fibas we would for Lab 1. If I ask the interpreter to evaluate the "symbol"
fib, it'll tell me that
fibis a name for a function:
> fib #<procedure:fib> >So, the symbol
fibhas a special meaning. We can tell the interpreter not to evaluate the symbol by "quoting" it, which means either writing
(quote fib)or, more commonly, by putting a ' in front of the symbol, i.e.
'fib. Here's a sample interpreter session:
> fib #<procedure:fib> > 'fib fib >All this is strange, I know, but here's an example. The function
inchesdefined below does some basic conversions into inches, and returns the symbol
errorif the input units are unknown. [Note:
equal?is sort of a universal equality test in scheme. It works with symbols and with lists (see below). The
=operator only works with numbers.]:
> (define (inches x u) (if (equal? u 'inches) x (if (equal? u 'feet) (* x 12) (if (equal? u 'yards) (* x 36) 'error)))) > (inches 0.5 'feet) 6.0 > (inches 0.5 'yards) 18.0 > (inches 0.5 'meters) error > (inches 0.5 yards) reference to undefined identifier: yards >Notice what happens when I forget to quote
yards- the interpreter tries to evaluate the symbol yards in order to get the arguements for
inches, and of course that name is undefined. Note: this function definition would be a lot cleaner if we used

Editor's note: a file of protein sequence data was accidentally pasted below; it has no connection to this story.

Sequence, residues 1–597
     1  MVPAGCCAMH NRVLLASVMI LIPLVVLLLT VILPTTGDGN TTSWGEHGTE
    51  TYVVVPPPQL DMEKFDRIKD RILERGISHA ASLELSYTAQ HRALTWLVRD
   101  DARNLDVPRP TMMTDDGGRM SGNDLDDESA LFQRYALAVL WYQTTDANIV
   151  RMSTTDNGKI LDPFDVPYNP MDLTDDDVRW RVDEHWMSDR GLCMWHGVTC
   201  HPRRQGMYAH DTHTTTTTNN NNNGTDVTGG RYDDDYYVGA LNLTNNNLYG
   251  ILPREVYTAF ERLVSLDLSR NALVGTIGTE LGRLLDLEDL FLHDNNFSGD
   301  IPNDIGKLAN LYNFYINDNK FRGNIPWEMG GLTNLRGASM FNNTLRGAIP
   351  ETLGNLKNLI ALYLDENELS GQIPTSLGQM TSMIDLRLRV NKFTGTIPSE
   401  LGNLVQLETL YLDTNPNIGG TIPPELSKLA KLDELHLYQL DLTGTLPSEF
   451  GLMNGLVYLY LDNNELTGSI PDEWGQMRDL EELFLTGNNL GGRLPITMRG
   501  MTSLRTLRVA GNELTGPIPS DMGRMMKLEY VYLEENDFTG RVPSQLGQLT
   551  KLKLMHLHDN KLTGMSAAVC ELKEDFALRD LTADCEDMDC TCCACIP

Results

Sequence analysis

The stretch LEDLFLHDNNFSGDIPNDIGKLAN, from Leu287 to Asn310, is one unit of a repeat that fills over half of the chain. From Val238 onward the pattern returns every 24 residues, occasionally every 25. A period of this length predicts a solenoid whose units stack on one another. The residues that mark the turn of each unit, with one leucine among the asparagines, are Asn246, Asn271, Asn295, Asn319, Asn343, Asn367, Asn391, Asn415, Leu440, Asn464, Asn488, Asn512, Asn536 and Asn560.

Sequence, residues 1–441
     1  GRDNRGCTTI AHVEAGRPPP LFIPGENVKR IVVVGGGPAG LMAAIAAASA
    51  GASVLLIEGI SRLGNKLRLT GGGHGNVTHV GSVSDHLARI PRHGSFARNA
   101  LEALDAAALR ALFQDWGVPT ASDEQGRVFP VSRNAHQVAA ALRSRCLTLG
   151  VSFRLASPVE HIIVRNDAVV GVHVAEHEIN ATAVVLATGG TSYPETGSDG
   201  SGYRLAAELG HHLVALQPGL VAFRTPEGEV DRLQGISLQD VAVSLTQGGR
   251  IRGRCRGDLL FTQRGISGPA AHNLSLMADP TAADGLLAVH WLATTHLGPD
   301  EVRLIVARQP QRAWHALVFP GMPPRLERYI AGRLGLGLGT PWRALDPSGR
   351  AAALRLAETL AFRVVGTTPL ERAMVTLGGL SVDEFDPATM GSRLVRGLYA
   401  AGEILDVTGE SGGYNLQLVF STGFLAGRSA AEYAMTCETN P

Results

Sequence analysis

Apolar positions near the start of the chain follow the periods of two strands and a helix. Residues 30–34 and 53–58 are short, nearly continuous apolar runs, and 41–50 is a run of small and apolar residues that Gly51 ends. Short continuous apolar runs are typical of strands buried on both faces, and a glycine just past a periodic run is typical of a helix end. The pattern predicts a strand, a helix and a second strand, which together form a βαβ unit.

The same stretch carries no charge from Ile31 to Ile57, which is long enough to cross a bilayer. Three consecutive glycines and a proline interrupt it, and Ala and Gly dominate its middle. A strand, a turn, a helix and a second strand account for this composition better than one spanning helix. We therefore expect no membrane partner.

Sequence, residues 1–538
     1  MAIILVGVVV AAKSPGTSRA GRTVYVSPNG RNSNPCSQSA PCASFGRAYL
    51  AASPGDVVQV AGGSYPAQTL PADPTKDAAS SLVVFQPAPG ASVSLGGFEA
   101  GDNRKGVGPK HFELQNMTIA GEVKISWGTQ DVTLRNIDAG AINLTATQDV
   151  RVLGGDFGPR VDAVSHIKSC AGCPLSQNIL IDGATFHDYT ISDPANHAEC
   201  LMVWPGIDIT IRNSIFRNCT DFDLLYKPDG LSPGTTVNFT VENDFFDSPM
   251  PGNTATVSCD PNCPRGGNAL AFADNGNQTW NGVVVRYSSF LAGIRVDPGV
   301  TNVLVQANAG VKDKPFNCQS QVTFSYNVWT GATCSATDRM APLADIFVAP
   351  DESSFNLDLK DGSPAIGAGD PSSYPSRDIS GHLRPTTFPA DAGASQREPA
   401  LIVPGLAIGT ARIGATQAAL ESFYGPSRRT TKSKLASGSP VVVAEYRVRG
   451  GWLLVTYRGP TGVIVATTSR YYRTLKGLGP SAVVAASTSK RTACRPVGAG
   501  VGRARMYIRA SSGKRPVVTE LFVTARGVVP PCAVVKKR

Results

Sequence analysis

Problem: Currency Conversion
Write a function
convert that takes an amount a
"from" currency and a "to" currency and converts the amount of
the "from" currency to the monetary equivalent in the "to"
currency. The currencies you use should be
> (convert 3.50 'usdollar 'euro) 2.83378 > (convert 20.00 'yen 'ukpound) 0.10462Here are the rates in terms of dollars:
1 US Dollar = 0.56101 British Pound 1 British Pound (GBP) = 1.78250 US Dollar 1 US Dollar = 0.80965 Euro 1 Euro (EUR) = 1.23510 US Dollar (USD) 1 US Dollar = 107.290 Japanese Yen 1 Japanese Yen (JPY) = 0.009321 US Dollar
> (+ 3 4 5) 12 > '(+ 3 4 5) (+ 3 4 5) >So, we can easily construct any list we want by simply quoting and typing away. For example
> '(A B C) (A B C) > '( 1 (1) ((1))) ( 1 (1) ((1))) > '(( + 3 4) (* 3 4)) (( + 3 4) (* 3 4)) >This last example is an interesting one. Suppose we were looking to have
(7 12)returned instead of
(( + 3 4) (* 3 4))? In other words, suppose we wanted the two subexpressions in the list to be evaluated? Well, by quoting the list, we ensure that nothing gets evaluated. However, there's an alternative to quoting. We can construct lists using the
listfunction, which takes its arguments and forms a list from them.
> (list (+ 3 4) (* 3 4)) (7 12) >Since
(+ 3 4)and
(* 3 4)are unquoted arguments to functions, they're evaluted before they're passed on to the list function. Thus,
listis passed 7 and 12, and forms a list with those two values. This is useful if you want a function to return more than one value. You can simply have it return a list of values.
Example: Write a functionThe thing about
zerosthat computes the zeros of a quadratic polynomial a x^2 + b x + c. Assume
zerosis simply passed a, b and c. You can use the quadratic formula to compute the roots: (-b +/- sqrt(b^2 - 4 a c)) / (2a). We actually have two values to return, because of the +/-. Here's how you might implement